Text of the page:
A California federal court has convicted an Indian technology consultant of H-1B visa fraud on Aug 4.

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Abhijit Prasad, 52, of Tracy, California faces 21 counts of visa fraud and two counts of aggravated identity theft as well as the maximum statutory penalty of 10 years in prison. He also received a $250,000 fine for the visa fraud, according to the press release.

Prasad is scheduled to be sentenced on Oct. 16.

The case originated in Sacramento when a grand jury indicted Prasad in 2016, but the case was ultimately tried in San Francisco following a court order to transfer the case there.

According to a court document, Prasad was the president and CEO of Maremarks, a visa services company which he ran out of his house in Tracy, California.

The false visa statement counts arise from Prasad’s operation of an immigration services business at Cisco Systems. Prasad faces criminal charges for filing 19 petitions for H-1B nonimmigrant visas containing false statements, made under penalty of perjury, as to purported work projects to be performed at locations in California, including at Cisco.

The evidence at trial showed that Cisco did not expect that the foreign workers who were the beneficiaries of the visa petitions would work at Cisco on an existing work project. The evidence at trial further showed that the defendant knowingly submitted forged Cisco documents to the United States Citizenship and Immigration Services in support of his claims that the beneficiaries would work at Cisco and Ingenuus.

At two instances the government alleged that Prasad obtained H-1B visas based on misrepresentations to that same agency. One of the principal requirements in the obtainment of an H-1B visa is the requirement of an existing work project for the visa beneficiary. The design of the H-1B visa program is that overseas specialty workers will fill a demonstrated need at American companies that cannot be adequately filled by American workers. That requirement is one of the primary factors that USCIS.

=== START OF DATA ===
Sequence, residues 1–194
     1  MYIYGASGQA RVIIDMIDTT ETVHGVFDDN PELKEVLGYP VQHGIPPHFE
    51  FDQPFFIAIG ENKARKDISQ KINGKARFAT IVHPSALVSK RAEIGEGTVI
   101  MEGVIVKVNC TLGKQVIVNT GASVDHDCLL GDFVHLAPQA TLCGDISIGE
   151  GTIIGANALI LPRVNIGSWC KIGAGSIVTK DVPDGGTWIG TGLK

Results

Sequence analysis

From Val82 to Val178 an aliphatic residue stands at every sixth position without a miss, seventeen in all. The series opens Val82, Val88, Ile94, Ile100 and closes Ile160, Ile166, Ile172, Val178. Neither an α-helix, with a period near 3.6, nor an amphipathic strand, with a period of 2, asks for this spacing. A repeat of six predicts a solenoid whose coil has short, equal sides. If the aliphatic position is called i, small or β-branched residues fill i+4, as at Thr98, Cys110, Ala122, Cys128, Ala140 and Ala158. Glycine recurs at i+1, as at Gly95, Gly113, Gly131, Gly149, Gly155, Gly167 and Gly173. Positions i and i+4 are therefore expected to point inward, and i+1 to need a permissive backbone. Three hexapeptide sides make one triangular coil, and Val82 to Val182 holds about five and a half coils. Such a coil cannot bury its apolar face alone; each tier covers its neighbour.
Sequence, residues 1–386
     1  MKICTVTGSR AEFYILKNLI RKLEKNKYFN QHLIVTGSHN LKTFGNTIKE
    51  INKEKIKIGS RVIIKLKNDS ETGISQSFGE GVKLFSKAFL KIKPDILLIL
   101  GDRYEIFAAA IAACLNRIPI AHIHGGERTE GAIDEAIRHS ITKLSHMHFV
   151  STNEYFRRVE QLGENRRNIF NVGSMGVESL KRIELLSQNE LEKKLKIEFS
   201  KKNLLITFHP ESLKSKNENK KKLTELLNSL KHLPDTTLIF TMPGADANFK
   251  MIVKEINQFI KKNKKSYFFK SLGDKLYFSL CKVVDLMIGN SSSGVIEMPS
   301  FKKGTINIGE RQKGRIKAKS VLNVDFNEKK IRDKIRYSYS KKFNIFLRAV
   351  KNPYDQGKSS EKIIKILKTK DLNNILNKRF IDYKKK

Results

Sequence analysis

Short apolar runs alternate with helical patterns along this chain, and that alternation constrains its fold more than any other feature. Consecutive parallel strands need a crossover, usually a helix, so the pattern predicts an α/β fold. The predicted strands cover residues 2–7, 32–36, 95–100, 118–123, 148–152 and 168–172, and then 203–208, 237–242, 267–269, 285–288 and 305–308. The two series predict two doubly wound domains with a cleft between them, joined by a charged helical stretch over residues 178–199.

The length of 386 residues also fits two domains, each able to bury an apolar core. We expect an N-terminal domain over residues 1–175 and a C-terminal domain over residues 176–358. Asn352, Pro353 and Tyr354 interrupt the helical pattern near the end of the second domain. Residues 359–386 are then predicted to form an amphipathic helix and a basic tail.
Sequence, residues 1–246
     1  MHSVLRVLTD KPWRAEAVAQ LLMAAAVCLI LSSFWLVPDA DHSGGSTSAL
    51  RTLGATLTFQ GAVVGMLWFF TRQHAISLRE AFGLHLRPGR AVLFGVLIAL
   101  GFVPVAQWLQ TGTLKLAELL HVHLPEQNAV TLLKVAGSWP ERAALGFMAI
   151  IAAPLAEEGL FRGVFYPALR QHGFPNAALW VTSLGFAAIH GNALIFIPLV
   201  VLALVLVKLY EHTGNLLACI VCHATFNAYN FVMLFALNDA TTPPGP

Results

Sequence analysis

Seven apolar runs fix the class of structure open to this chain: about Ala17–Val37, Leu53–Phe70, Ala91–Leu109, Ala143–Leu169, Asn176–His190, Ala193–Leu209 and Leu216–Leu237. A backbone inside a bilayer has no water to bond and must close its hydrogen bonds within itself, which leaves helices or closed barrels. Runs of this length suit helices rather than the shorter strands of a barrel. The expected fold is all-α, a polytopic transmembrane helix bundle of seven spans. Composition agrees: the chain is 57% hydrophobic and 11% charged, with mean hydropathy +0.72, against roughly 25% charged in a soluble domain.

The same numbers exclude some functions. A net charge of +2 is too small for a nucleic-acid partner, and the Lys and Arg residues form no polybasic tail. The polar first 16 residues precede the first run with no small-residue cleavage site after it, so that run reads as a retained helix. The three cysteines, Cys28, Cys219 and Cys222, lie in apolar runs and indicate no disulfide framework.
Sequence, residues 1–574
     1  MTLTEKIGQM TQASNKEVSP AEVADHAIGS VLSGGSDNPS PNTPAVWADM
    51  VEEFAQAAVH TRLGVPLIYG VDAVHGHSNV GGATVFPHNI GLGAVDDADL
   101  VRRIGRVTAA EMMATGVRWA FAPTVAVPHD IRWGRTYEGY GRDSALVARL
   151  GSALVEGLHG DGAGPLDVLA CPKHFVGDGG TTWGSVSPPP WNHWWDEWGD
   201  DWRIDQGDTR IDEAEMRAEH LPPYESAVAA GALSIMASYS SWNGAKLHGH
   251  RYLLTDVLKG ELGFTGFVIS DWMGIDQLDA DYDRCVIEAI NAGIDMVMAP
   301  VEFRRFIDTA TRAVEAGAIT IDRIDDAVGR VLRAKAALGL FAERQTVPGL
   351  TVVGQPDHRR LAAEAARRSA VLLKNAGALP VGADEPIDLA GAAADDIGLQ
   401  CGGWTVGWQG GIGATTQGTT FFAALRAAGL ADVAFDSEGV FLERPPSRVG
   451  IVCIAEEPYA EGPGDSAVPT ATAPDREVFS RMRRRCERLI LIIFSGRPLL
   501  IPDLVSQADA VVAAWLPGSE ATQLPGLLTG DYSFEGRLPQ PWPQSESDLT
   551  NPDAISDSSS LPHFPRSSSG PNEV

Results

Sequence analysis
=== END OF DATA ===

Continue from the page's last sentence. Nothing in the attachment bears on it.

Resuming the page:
The court document shows Prasad recruited friends he knew as clients to create false Statements of Work, to bolster the H-1B visa petitions.

According to the press note, the evidence at the trial showed that Prasad fraudulently used the digital signature of a Cisco employee, who was not authorized to sign Cisco employment documents, to create a document that would leave the impression that two of the H-1B workers had an existing work project at Cisco. Prasad obtained two of the H-1B visas using this fraudulent document that purports to be a fully executed Cisco contract.

“This verdict sends a strong message: the Diplomatic Security Service is committed to making sure those who commit visa fraud face consequences for their criminal actions,” said Matthew Perlman, Special Agent in Charge of the DSS San Francisco Field Office.“Diplomatic Security’s strong relationship with the U.S. Attorney’s Office and with the Document and Benefit Fraud Task Force continues to be essential in the pursuit of justice.”

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